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When Ambani lost his cool and Tata was embarrassed

Last updated on: July 11, 2011 12:45 IST

When Ambani lost his cool and Tata was embarrassed

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BS Reporters in Mumbai/Bengaluru


"Mr Chairman Sir," the shareholder began, as Mukesh Ambani looked at him intensely from the dais at the annual general meeting of Reliance Industries, last month.

For a moment, everyone thought the question would revolve around the company's tryst with destiny in the KG basin.

But the shareholder obviously had better things to worry about. "Can we have coupons for chocolate wafers, instead of ice creams in future," he asked. Ambani was at his charming best: RIL, he said, would move with the changing times and explore the option.

Yet another suggested RIL should turn its Indian Premier League franchise, Mumbai Indians, into a subsidiary and list it on the bourses.

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Image: RIL chairman Mukesh Ambani with mother Kokilaben and wife Nita.
Photographs: Reuters
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Before Ambani could think of an answer, the shareholder volunteered the reason for his 'business plan': This, he said, would ensure that shareholders got passes for cricket matches. "We can do without dividends if we get passes for the matches," he said.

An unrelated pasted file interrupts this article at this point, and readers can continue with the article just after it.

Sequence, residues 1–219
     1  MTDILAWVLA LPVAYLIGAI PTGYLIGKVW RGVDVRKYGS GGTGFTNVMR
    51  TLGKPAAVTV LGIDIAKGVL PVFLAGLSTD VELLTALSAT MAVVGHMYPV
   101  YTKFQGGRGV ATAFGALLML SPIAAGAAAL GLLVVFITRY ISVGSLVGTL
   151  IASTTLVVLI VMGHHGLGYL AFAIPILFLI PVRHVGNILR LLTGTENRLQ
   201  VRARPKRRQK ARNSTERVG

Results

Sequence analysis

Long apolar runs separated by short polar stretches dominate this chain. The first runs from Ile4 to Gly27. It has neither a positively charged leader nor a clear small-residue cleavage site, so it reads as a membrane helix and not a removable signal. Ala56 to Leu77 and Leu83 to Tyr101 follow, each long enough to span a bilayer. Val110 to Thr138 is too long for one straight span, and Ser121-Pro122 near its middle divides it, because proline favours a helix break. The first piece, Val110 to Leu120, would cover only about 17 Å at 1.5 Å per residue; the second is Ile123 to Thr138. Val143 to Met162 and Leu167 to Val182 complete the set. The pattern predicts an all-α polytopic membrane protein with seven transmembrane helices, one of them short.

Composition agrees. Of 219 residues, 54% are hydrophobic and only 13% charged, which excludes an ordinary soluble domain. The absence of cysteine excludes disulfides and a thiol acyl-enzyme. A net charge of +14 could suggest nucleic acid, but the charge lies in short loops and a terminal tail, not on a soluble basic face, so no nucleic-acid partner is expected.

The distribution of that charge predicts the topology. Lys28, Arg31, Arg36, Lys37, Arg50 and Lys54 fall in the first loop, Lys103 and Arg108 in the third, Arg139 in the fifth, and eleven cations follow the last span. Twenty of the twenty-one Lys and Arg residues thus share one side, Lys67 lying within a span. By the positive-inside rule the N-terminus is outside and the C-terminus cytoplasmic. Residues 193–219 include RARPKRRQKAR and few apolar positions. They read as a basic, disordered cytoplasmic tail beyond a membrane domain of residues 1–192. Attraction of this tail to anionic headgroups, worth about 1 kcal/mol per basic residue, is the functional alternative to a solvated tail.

The RIL AGM is just one example of how most shareholders make a mockery of the real purpose of these meetings. 

Consider the AGMs of the debt-laden United Breweries where the main request from shareholders to chairman Vijay Mallya is simple: "Please give us Kingfisher calendars".

Or, take the Tata Consultancy Services AGM held this month. After quibbling for soft drinks, many managed to embarrass chairman Ratan Tata by commenting on his single status.

Other shareholders didn't fare better: One of the most-asked questions was how much TCS spent in printing the well-produced annual report. Tata, a veteran of AGMs, has, of course, faced more such gems in the past.

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Image: Tata Group chairman Ratan Tata.
Photographs: Reuters
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When Ambani lost his cool and Tata was embarrassed

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In the AGM following the launch of the Nano in 2008, shareholders wanted to know whether they would be offered "loyalty discounts" on purchase of the small car.

There's more. Hindustan Unilever chairman Harish Manwani, who is generally never at a loss for words, was stumped when a lady shareholder wanted to know whether he used HUL's products as she found his skin "beautiful".

And what does one make of the Procter & Gamble Hygiene and Healthcare AGM held last year when a shareholder, Ashalata Maheshwari, recited a long poem describing how dapper managing director Shantanu Khosla looked with his hair worn long.